Monday 26 January 2015

DIY Watercolour Gift Bags

   It's been a very long time since I've felt creative. I've been making a lot of jewellery for Valentine sales and for my art exhibit in the summer, but after Christmas I'd really like a break from that particular area of work. Casual crafts aren't something that come to me very easily, though, so when I'm being creative it is mostly for my shop. I've returned to finishing off my book at last, however, but it's slow going as I get back into it.
   But, over the past couple of weeks, and thanks to Miss Vicky Viola for my little surprise birthday package, I've finally gotten some ideas. And this is the first!
   It's far from difficult and far from unique, but these handmade watercolour gift bags can really pretty up a gift! I actually came up with it a couple of days ago when I realised I had little time to go out and find a gift bag for some little prezzies I'm bringing to The Netherlands next week, so I decided to make one instead, saving time and money as well as finally making some creative content for this blog. It's supposed to be half fitness and half craft, but I think we can all agree that the latter has been somewhat forgotten since the Christmas rush.

   So, to make these watercolour gift bags all you really need is card and paint. Watercolour paper, around 300gsm, typically, is the best to use since it's made for this kind of thing, and it's also more than stable enough to hold the bag's contents.

1. Take your paper and measure out the size you want your bag to be, marking off the folding lines. You can use two sheets for a larger bag, or stick to a single, full sheet and create a bag 11cm wide by 2.5cm deep as I did. This used up the entire sheet, uncut, and left a small panel for gluing at one end.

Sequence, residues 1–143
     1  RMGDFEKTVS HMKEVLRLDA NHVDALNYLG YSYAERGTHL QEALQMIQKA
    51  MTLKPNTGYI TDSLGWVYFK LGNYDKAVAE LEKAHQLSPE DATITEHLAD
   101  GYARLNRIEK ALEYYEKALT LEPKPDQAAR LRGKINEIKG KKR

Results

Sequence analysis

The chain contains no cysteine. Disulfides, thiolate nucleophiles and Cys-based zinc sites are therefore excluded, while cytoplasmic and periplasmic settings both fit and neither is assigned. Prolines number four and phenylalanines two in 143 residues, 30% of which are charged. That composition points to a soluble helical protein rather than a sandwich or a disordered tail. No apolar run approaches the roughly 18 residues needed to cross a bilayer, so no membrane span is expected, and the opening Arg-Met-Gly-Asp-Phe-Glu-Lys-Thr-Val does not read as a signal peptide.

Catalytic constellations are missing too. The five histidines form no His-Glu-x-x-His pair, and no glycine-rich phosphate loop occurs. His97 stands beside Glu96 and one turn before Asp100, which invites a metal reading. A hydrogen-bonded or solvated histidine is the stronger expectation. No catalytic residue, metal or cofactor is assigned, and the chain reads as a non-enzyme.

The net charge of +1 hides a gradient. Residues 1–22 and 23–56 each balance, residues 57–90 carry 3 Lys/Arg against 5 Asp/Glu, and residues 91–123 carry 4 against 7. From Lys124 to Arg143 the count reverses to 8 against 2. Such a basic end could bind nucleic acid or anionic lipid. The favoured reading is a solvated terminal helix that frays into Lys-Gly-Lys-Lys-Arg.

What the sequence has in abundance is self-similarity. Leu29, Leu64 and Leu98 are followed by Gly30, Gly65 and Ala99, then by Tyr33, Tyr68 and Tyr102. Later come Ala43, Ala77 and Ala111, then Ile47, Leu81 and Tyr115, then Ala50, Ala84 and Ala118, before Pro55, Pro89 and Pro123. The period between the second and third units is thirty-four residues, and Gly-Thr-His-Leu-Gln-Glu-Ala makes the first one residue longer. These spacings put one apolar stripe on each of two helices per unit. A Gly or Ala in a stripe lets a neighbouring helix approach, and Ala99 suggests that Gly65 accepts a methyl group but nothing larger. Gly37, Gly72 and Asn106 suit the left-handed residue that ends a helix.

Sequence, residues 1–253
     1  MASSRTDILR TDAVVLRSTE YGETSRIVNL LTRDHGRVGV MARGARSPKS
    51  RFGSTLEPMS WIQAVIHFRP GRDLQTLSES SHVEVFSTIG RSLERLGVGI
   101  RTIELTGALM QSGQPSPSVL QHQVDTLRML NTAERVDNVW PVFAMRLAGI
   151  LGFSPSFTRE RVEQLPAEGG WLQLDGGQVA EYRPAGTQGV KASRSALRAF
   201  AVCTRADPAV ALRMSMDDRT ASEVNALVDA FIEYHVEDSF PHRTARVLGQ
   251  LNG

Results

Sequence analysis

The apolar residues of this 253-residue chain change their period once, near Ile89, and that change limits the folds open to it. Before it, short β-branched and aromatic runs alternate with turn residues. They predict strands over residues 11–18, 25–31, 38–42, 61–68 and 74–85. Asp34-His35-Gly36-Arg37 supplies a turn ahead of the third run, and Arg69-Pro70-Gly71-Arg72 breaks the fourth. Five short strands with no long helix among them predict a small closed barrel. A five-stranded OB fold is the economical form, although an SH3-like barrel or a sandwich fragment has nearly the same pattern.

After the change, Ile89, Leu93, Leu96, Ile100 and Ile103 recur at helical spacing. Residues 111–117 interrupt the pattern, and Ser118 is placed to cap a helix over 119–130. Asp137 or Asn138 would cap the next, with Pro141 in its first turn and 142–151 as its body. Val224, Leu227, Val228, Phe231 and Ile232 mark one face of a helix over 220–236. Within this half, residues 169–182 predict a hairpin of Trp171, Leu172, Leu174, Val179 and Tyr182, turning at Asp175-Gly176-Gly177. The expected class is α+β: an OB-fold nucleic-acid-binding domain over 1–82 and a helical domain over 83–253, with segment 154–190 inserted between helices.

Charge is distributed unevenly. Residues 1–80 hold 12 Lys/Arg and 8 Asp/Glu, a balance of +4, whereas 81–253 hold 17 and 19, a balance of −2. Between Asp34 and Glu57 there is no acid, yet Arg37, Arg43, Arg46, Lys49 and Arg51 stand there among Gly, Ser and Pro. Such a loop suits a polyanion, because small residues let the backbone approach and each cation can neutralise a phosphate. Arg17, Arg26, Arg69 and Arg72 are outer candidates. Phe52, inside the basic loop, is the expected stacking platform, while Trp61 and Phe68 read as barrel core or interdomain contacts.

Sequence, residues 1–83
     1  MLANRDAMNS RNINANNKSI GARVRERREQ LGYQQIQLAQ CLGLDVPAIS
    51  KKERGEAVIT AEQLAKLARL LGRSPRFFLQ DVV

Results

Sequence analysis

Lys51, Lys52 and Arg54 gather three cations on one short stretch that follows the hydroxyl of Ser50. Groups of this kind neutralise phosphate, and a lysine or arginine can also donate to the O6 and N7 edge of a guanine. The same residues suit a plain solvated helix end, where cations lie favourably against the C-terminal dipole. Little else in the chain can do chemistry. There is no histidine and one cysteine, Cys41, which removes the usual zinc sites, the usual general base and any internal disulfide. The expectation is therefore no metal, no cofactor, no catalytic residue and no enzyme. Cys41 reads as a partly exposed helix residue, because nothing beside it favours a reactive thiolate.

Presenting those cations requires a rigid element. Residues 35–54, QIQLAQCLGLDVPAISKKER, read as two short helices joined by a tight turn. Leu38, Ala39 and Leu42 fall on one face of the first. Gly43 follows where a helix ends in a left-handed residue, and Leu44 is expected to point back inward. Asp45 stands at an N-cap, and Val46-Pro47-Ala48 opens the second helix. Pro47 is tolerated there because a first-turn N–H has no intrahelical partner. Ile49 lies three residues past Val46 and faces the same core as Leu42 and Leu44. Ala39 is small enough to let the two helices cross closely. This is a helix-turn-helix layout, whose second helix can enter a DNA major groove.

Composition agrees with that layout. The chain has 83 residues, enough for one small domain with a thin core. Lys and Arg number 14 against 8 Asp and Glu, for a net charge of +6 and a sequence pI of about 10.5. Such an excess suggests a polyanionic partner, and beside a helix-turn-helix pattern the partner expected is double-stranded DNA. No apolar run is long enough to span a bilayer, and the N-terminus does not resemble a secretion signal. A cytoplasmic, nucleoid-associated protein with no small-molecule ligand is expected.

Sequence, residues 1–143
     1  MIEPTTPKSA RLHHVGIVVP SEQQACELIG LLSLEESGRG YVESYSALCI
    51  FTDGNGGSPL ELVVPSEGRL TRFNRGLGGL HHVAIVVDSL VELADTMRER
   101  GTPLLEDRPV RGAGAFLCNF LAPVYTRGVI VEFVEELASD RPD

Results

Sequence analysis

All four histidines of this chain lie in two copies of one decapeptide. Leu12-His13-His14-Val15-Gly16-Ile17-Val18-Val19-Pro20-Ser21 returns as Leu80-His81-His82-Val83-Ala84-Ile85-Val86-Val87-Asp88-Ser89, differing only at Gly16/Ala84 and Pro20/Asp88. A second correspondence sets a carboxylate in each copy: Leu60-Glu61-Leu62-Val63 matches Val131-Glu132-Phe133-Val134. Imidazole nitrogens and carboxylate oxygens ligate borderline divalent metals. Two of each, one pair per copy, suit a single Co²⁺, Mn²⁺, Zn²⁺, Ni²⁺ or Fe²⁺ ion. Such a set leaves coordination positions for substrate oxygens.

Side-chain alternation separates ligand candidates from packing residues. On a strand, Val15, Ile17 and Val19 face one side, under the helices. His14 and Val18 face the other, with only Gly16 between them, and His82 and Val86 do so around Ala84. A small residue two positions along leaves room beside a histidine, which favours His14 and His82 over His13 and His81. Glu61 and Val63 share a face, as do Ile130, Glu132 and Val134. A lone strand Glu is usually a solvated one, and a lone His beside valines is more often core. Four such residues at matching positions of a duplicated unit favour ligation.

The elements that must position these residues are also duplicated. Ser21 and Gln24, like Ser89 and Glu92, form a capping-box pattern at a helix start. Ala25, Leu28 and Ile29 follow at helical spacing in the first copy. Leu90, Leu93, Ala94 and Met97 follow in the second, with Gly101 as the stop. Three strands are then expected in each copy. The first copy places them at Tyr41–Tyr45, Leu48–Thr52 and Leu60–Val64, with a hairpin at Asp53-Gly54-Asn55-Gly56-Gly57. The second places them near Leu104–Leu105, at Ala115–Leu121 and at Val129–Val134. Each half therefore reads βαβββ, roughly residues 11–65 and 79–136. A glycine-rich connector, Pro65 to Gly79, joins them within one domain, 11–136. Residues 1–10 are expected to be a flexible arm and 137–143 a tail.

2. Score along the lines with scissors or a blade against a ruler, but for goodness' sake be careful. Don't fold it yet.

3. Next, turn the paper over and begin on the clean side with the watercolour paints. To make splotches like I did, you need to apply the paint in the rough shape and size you want the splotch to be. Once you've painted it in, dip your brush in clean water and drip it into the paint splotch. This will cause the middle, or wherever you dripped it, to lighten and the colour will flood to the edges, giving you harder lines when it's dry. If you want a soft edge instead, gently wash the wet brush over the edges of the splotch to lift the paint away. You can combine it, too, to give splotches both hard and soft edges. Be aware that the paper will start to warp, but it will flatten out again once it's all dry, which is one of the best qualities of watercolour paper.
   The colour will darken when it dries, so if you want a lighter finish, use some clean tissue and dab it (don't rub it) in the paint to soak most of it up. The edges will remain, but most of the paint will be lifted off
   It's best to experiment with this a little bit first, get used to the paint, the water, the depth of colour and the finish. The colours will never be even with watercolour used like this, the edges will probably be darker and if you've mixed up a purple, for example, you may find you can clearly see patches of blue and patches of red amongst the purple.

   Let the paper dry before moving on! You can run a hairdryer over it to speed up the process if you like, but let it dry naturally for a while, first, or you risk blowing the paint around.

4. Fold along the scored lines, remembering of course that the paint is on the outside, and glue the excess flap to the inside of the opposite end. Once it's fixed in place, glue the flaps along the bottom together. You might want to weigh the inside of the bag down to help keep it in place while it dries; I used a small pocket book.

   I added some string to the bag which I ran through the same watercolour paints and tied together through two holes which I think gives it a nice finish ^^


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